Puff, puff, and away

A rapper known as BigRigBaby was accused of running a $60 million weed scam

He allegedly operated a Ponzi-like scheme along with WeedGenics partner Rolf Max Hirschmann

We may earn a commission from links on this page.
A closeup photo of a cannabis plant.
Photo: Justin Sullivan (Getty Images)

The SEC has smoked out a $60 million scam in which two individuals raised funds from investors for their cannabis business, but funneled the money into buying luxury goods and making Ponzi-like payments.

The business, which was called Integrated National Resources Inc. but operated as WeedGenics, was run by Rolf Max Hirschmann and Patrick Earl Williams (a rapper also known as “BigRigBaby”).


They began soliciting money from investors in June 2019, according to the complaint (pdf), and promised as much as a 36% return on investment. In total, they were able to raise $61.7 million from about 350 investors.

But as the complaint alleges, Hirshmann and Williams actually pocketed the money, spending it on luxury cars, houses, jewelry, and “adult entertainment.” An estimated $16 million was allegedly spent issuing distributions and interest payments to investors.


“In reality Hirschmann and Williams never owned or operated any facilities—it was all a sham,” the SEC said in a press release.

The SEC charged both defendants with breaching securities law. Authorities ordered a freeze on WeedGenics assets, the return of the ill-gotten gains from the defendants and other involved parties, and the imposition of civil penalties on Hirschmann and Williams. A hearing is set for June 2.

WeedGenics claimed to have multiple cannabis facilities on its website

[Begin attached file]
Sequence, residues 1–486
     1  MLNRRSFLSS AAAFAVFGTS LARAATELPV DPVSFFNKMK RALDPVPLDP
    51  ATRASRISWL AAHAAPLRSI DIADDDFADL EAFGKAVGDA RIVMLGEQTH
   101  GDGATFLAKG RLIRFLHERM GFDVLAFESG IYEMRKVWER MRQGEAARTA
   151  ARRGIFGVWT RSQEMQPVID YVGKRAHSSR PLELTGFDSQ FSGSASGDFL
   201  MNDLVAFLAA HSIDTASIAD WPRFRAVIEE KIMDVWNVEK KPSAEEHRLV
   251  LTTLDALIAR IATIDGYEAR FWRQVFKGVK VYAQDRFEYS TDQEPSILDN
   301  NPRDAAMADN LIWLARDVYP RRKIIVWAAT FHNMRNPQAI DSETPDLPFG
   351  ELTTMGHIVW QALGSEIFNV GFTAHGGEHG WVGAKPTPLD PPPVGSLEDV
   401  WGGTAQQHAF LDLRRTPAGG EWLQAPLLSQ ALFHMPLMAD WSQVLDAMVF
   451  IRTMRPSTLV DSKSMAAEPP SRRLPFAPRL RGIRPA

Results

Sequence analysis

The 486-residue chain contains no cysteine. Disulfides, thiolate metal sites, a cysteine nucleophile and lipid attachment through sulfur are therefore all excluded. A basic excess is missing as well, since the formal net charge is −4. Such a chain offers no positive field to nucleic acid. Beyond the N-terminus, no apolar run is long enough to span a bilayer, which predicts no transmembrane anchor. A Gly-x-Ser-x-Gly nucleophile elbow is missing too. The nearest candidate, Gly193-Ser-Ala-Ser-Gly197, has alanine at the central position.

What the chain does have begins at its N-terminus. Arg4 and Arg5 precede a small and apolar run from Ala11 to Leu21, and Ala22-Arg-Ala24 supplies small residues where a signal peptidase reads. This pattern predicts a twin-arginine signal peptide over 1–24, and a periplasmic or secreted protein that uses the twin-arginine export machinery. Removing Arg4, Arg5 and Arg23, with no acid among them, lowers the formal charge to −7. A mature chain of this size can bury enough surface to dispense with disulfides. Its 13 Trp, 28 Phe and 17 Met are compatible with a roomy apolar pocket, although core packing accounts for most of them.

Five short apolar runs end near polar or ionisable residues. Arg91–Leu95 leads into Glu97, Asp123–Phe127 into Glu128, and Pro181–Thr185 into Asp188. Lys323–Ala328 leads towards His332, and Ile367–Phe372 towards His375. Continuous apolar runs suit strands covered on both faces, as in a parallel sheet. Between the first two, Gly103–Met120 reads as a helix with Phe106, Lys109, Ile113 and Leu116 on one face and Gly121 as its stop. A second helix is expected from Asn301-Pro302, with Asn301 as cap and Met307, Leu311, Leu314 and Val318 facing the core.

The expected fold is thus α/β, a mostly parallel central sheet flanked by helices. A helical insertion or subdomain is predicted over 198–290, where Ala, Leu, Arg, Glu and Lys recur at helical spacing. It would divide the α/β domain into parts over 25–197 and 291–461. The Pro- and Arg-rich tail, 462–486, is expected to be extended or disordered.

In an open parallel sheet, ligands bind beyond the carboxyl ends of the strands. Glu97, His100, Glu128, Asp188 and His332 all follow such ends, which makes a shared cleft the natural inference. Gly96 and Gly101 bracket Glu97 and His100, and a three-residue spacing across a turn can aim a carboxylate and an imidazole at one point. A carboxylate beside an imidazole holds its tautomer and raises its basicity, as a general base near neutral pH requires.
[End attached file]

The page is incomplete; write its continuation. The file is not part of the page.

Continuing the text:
The WeedGenics website advertises a vertically integrated business model, running the gamut from cannabis cultivation to processing and manufacturing to distribution.


The company claimed to have a 52,000 square foot cultivation facility in Las Vegas, Nevada, undergoing an expansion that would boost annual revenue to $35 million. It also claimed to have a 150,000 square foot distribution facility in Adelanto, California.

On Twitter, where WeedGenics has over 40,000 followers, the company posted photos and videos of what it claimed to be its facilities.


The people and entities involved in the WeedGenics scam

A network of limited liability companies and individuals, sixteen in total, were named in the case as being involved in illicit cash flows. Two entities registered in Wyoming were under the sole management of Williams. Four other entities, three registered in Wyoming and one in Nevada, were under the management of Hirschmann.

Image for article titled A rapper known as BigRigBaby was accused of running a $60 million weed scam
Screenshot: Securities & Exchange Commission

BigRigBaby used WeedGenics funds to advance his career

The SEC alleges that Hirschmann, the face of the operation, used the false name “Max Bergmann’’ while carrying out the scam. Meanwhile, Williams, as vice president, “worked behind the scenes” and allegedly used at least $18,000 of the investor funds to support his rap career as BigRigBaby. His latest album, Depressed With Money, was released on May 12.


Related stories

💰 The SEC just paid a whistleblower its largest-ever reward

🔎 Inside Africa’s biggest cryptocurrency scams

🫙 Cryptocurrency lender Celsius was “insolvent since inception,” investigation finds